The other Carbonara

Memories of my London life..Carbonara “revisited”.


It’s lunch time. My Greek roommate offers to make our Sunday meal. I accept his invitation. It is always nice to spend the Sunday together, sharing lunch, especially when you are away from home.

He returns from the supermarket with two bags full of food and immediately goes to the stove. He will make the carbonara (if you missed above, my roommate is Greek).

Carbonara is perhaps my favorite dish, I look forward to tasting it.

In a pot he puts the water to boil and pour a little oil. I explain to him that in Italy nothing else is added to water, except for salt, when the water is boiling. He tells me that everybody does this in Greece, otherwise the pasta will stick. I prefer not to contradict. After all, he cooks today and cooks in his own way.

He pours the pasta (400 g for two), the pasta is called paccheri. Many of them remain on the surface because water is not enough.
Turn the pasta for at least fifteen minutes, so that several paccheri break.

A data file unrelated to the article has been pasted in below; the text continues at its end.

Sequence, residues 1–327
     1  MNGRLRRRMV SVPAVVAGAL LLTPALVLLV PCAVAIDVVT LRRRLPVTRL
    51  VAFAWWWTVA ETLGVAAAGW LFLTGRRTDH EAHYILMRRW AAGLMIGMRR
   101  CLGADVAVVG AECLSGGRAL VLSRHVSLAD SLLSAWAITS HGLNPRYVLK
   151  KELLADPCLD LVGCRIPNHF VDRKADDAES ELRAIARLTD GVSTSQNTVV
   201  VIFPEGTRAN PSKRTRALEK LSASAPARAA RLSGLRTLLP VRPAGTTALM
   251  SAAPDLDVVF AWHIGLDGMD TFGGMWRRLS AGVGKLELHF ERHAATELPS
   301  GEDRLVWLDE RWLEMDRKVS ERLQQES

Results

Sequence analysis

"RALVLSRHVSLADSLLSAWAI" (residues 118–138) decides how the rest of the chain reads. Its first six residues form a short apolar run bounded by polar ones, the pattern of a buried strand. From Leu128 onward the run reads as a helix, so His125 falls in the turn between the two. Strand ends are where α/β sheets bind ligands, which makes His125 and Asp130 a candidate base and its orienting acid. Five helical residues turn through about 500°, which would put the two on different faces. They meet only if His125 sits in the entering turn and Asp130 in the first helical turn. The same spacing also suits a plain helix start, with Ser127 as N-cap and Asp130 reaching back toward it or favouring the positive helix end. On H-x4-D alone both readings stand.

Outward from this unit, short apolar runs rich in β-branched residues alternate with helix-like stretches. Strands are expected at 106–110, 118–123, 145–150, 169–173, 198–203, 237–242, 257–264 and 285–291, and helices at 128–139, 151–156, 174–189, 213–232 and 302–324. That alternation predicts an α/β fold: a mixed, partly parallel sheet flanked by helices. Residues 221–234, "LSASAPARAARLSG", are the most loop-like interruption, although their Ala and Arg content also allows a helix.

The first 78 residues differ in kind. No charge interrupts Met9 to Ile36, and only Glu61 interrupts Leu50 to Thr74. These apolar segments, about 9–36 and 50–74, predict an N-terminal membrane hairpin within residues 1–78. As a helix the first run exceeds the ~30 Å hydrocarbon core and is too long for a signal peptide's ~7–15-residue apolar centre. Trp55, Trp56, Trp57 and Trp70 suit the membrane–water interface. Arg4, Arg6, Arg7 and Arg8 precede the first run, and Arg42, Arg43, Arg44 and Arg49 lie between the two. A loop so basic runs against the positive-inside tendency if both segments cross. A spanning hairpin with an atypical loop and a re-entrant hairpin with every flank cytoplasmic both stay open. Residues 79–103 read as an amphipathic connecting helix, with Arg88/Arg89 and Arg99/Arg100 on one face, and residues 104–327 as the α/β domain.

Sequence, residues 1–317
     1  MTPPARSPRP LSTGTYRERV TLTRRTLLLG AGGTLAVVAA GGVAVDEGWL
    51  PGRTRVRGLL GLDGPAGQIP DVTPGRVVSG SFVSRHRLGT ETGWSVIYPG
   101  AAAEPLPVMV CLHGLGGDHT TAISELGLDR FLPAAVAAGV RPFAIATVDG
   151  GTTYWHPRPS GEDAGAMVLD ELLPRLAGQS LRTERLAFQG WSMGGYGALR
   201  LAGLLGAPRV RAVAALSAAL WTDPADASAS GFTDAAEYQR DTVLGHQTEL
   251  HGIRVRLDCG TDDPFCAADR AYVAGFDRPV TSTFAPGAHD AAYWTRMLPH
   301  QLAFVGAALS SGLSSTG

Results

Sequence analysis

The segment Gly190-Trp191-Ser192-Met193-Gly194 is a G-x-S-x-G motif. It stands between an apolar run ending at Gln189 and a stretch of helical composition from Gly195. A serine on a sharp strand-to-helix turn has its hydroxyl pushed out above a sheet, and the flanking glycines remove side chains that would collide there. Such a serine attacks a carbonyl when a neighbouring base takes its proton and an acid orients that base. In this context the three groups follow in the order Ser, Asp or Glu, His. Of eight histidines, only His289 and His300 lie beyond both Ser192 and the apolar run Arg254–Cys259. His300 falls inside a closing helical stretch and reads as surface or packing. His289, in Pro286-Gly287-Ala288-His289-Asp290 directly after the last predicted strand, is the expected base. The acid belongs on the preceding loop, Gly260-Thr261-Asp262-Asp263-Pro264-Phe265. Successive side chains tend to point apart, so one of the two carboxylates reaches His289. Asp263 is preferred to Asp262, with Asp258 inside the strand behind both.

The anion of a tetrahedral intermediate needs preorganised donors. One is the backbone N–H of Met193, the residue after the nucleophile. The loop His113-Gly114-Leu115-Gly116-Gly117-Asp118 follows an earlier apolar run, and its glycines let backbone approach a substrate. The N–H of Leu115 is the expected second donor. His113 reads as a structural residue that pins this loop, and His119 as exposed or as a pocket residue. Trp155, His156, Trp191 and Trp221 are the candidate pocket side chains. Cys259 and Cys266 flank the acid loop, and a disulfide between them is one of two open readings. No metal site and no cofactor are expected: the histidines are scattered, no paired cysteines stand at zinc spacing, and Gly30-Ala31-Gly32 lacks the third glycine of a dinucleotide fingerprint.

He does not check the time nor tries to have a taste to check if pasta is ready, at one point he decides however that the pasta is cooked and the carbonara is almost ready.
He strains the pasta, which is left in the cold (just in front of the open window) for an indefinite time.

In the meantime, he grills four whole (fairly large) bacon slices. When these are well cooked, he addstwo tablespoons of salty butter, then the pasta (that is no longer intact), a whole pack of fresh cream, a whole package of grated mozzarella (never seen this type in Italy) and some parmesan cheese. Finally pepper. No trace of the egg.

We get to the table. We taste the pasta. He tells me that it is exactly the carbonara that he is used to eating in Greece. I think the flavor is not exactly what I remembered, to which I was used to in Italy, but that’s fine.

The important thing is to enjoy the company, to appreciate his gesture and to taste new “Italian-Greek” flavors!

The pasta is a lot and I struggle to finish it, but I chew, I chew, up to the last pacchero.

A little bit weighed by this alternative carbonara, I collapse in a deep sleep and I wake up when the sun is about to settle down.

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©2016 Clelia B.